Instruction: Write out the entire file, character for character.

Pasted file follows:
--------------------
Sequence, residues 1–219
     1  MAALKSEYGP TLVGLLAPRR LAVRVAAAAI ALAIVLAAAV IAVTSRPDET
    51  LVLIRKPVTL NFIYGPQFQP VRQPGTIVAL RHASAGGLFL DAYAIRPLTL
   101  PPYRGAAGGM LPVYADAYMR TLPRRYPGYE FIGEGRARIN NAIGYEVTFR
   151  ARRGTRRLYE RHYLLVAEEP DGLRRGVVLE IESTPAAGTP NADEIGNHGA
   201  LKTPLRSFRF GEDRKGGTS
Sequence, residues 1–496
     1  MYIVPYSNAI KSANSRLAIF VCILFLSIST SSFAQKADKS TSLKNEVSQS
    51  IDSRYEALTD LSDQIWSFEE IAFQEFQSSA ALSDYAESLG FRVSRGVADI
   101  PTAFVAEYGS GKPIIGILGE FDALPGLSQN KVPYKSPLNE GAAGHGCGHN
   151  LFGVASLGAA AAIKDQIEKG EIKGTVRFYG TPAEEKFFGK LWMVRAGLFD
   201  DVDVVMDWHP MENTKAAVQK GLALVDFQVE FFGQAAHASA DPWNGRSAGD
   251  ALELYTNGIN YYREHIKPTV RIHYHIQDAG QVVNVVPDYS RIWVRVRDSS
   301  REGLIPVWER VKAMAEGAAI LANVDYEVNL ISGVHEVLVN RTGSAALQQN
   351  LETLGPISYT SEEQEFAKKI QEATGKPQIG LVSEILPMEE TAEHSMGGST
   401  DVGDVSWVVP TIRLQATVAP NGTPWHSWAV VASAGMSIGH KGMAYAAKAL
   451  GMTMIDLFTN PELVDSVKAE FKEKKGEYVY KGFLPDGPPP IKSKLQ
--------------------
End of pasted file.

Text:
Sequence, residues 1–219
     1  MAALKSEYGP TLVGLLAPRR LAVRVAAAAI ALAIVLAAAV IAVTSRPDET
    51  LVLIRKPVTL NFIYGPQFQP VRQPGTIVAL RHASAGGLFL DAYAIRPLTL
   101  PPYRGAAGGM LPVYADAYMR TLPRRYPGYE FIGEGRARIN NAIGYEVTFR
   151  ARRGTRRLYE RHYLLVAEEP DGLRRGVVLE IESTPAAGTP NADEIGNHGA
   201  LKTPLRSFRF GEDRKGGTS
Sequence, residues 1–496
     1  MYIVPYSNAI KSANSRLAIF VCILFLSIST SSFAQKADKS TSLKNEVSQS
    51  IDSRYEALTD LSDQIWSFEE IAFQEFQSSA ALSDYAESLG FRVSRGVADI
   101  PTAFVAEYGS GKPIIGILGE FDALPGLSQN KVPYKSPLNE GAAGHGCGHN
   151  LFGVASLGAA AAIKDQIEKG EIKGTVRFYG TPAEEKFFGK LWMVRAGLFD
   201  DVDVVMDWHP MENTKAAVQK GLALVDFQVE FFGQAAHASA DPWNGRSAGD
   251  ALELYTNGIN YYREHIKPTV RIHYHIQDAG QVVNVVPDYS RIWVRVRDSS
   301  REGLIPVWER VKAMAEGAAI LANVDYEVNL ISGVHEVLVN RTGSAALQQN
   351  LETLGPISYT SEEQEFAKKI QEATGKPQIG LVSEILPMEE TAEHSMGGST
   401  DVGDVSWVVP TIRLQATVAP NGTPWHSWAV VASAGMSIGH KGMAYAAKAL
   451  GMTMIDLFTN PELVDSVKAE FKEKKGEYVY KGFLPDGPPP IKSKLQ